If you’ve been reading the site, you’ve seen the slick-looking, impressively voice-casted, psychological adventure ECHO from Ultra Ultra come across our headlines a few times. We’ve been playing it the past few days, and while we need a bit more time with the title to render a verdict, what follows is our review in progress and first impressions of what’s certainly going to be a cult classic.
ECHO stars Rose Leslie as En, a woman who was rescued by a mysterious man and his AI ship/companion. Somehow, he wound up imprisoned (or killed) with his soul trapped in a cube. You and London, the AI in question (who doesn’t seem to think too highly of you) follow the man’s last words to an alien planet in order to see what lurks beneath its surface. It’s the kind of setup I am so incredibly here for, and while the gameplay in the early going is somewhat prolonged and slow, the tension, world-building, and characterization of En and London make up for the methodical pacing.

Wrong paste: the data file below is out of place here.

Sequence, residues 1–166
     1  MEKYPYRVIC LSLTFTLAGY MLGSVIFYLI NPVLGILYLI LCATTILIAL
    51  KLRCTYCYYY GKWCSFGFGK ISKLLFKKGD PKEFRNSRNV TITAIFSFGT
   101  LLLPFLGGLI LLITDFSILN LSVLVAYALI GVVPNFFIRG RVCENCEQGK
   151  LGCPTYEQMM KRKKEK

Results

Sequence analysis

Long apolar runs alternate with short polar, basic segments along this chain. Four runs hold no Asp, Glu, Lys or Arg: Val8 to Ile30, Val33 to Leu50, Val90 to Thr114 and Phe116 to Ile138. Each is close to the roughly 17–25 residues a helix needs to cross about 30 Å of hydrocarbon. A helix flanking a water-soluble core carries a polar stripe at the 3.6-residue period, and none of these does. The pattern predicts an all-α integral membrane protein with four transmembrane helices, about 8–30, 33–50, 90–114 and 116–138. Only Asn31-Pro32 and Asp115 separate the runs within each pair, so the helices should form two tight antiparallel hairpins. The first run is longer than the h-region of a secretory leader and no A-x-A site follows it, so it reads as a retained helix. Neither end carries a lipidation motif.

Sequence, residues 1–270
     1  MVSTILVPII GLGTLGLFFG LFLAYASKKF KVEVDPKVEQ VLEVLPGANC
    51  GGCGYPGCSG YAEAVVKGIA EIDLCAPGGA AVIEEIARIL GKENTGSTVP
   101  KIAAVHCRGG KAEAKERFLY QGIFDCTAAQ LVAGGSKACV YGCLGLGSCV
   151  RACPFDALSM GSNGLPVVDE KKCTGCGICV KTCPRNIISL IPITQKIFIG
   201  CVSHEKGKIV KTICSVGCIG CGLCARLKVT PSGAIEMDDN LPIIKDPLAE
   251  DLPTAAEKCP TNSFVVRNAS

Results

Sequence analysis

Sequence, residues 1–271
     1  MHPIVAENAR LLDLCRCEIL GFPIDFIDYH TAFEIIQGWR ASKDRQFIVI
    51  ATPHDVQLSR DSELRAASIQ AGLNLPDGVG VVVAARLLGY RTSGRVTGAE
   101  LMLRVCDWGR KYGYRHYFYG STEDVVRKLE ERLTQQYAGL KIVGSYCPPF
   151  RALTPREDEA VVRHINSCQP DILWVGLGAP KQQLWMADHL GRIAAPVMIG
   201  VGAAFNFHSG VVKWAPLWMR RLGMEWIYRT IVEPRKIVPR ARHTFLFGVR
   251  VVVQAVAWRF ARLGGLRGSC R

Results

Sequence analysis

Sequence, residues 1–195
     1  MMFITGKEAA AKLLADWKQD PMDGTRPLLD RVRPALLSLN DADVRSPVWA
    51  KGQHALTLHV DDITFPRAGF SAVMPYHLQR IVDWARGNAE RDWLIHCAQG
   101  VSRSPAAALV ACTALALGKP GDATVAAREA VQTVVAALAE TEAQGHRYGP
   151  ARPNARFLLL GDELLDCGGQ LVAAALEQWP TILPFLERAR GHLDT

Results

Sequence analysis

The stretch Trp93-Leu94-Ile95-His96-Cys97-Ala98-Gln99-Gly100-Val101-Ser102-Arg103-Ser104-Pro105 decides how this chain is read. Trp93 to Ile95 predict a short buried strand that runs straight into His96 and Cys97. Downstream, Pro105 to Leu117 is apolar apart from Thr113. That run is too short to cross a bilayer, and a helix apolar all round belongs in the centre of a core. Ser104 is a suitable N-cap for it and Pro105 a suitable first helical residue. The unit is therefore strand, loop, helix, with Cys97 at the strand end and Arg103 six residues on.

Graphically, ECHO is stunning. Like the very best Ridley Scott movies (Blade Runner, Alien, even Prometheus), its set pieces are fantastic, and its lighting and camera work are top-notch. I’m putting as much time into the game as I can tonight because what truly intrigues me about ECHO is that Ultra Ultra’s big selling point is the game’s AI. You see, the enemy in ECHO is you – not only will you face down numerous clones of En, but they react to how you interact with them.
If you sneak, enemies will get stealthier, if you shoot, they will shoot you. The Palace (indeed the whole planet) soon gives you these “echoes” of yourself to content with, as you find your way through its labyrinthine corridors and unravel the mystery of your 100 years adrift in space and the man who saved your life.
ECHO is out today, and our full review should come next week. We’ll have many more thoughts on the game as we play through it all.